US Dollar Reserve Currency Status Not at Risk: Strategists

By Andrew Moran
Andrew Moran
Andrew Moran
Andrew Moran covers business, economics, and finance. He has been a writer and reporter for more than a decade in Toronto, with bylines on Liberty Nation, Digital Journal, and Career Addict. He is also the author of "The War on Cash."
October 26, 2021 Updated: October 26, 2021

News Analysis

The U.S. dollar has had a tremendous 2021, defying the market’s bearish expectations since the beginning of the year.

Over the last 18 months, the consensus on Wall Street has been that the dollar would endure significant weakness amid inflation worries, historically low interest rates, and investor confidence in a recovering global economy. Instead, the U.S. Dollar Index (DXY), which gauges the greenback against a basket of currencies, is up more than four percent year-to-date as traders continue to take cover from uncertainty by hiding in conventional safe-haven assets.

Since the end of the Second World War, the U.S. dollar has served as the premier international reserve currency, with foreign governments and central banks accumulating reserves of dollars instead of gold. Today, there remains a fierce appetite for Treasurys as foreign holdings of U.S. debt soared to a fresh record high of $7.56 trillion in August.

But there is a debate among experts as to whether this could be the beginning of a change in currency markets.  America’s intensifying debts and deficits, the rise of other currencies, and the growing de-dollarization push have sparked scrutiny and discussion over the dollar’s long-term viability.

Epoch Times Photo
A man walks past a display showing different currencies in Hong Kong on Nov. 9, 2016. (Anthony Wallace/AFP/Getty Images)

Bullish or Bearish on the Dollar?

According to the International Monetary Fund’s Currency Composition of Official Foreign Exchange Reserves (COFER) data, U.S. dollar reserves held by central banks declined to a 25-year-low of 59 percent in the second quarter of this year. Since the euro’s launch in 1999, the share of dollar assets in central bank reserves has fallen 12 percentage points, while the euro has gained approximately 20 percent. The Australian dollar, the Canadian dollar, the Chinese Renminbi, the Japanese yen, and the Swiss franc have witnessed modest gains in allocated reserves.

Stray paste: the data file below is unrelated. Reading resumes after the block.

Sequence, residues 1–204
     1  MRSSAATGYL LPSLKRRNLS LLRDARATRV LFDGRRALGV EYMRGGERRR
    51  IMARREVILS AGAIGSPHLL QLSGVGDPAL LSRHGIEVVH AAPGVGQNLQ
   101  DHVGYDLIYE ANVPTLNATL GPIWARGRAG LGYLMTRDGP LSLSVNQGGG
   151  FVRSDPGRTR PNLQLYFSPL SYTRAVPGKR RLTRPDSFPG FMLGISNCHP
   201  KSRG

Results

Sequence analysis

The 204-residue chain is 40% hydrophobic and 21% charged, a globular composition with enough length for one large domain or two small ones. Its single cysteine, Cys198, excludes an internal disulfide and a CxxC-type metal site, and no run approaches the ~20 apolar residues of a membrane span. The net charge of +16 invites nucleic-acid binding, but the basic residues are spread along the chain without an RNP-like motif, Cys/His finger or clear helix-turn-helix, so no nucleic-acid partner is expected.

Some market analysts purport that the dollar rally will be short-lived and that the greenback could weaken, mainly because of monetary policy. While the Bank of England and the Bank of Canada have already started tapering their asset purchases, the Federal Reserve has yet to definitively state when it is trimming its ultra-aggressive $120-billion-a-month quantitative easing program.

The U.S. central bank has signaled it could begin winding down the stimulus and relief mechanism as early as the November Federal Open Market Committee (FOMC) policy meeting.

“The spike in the dollar has been noteworthy, but in our view, is likely to be temporary and we maintain our view for a softer U.S. dollar over the medium-to-long-term,” wrote Wells Fargo economists Brendan McKenna and Nick Bennenbroek in a June research note. “With foreign central banks tightening policy and explicitly signaling future policy changes, and the Fed remaining patient, we expect foreign currencies to attract capital flows.”

Others, like Brent Johnson, the founder and CEO of Santiago Capital, assert that the greenback will remain resilient for many years to come. Speaking in an interview with NTD Business, Johnson stated that the dollar would maintain its reserve currency status because the country maintains a stable government and the economy steers global commerce, adding that there are very few challengers on the world stage that could take on the United States on a global basis.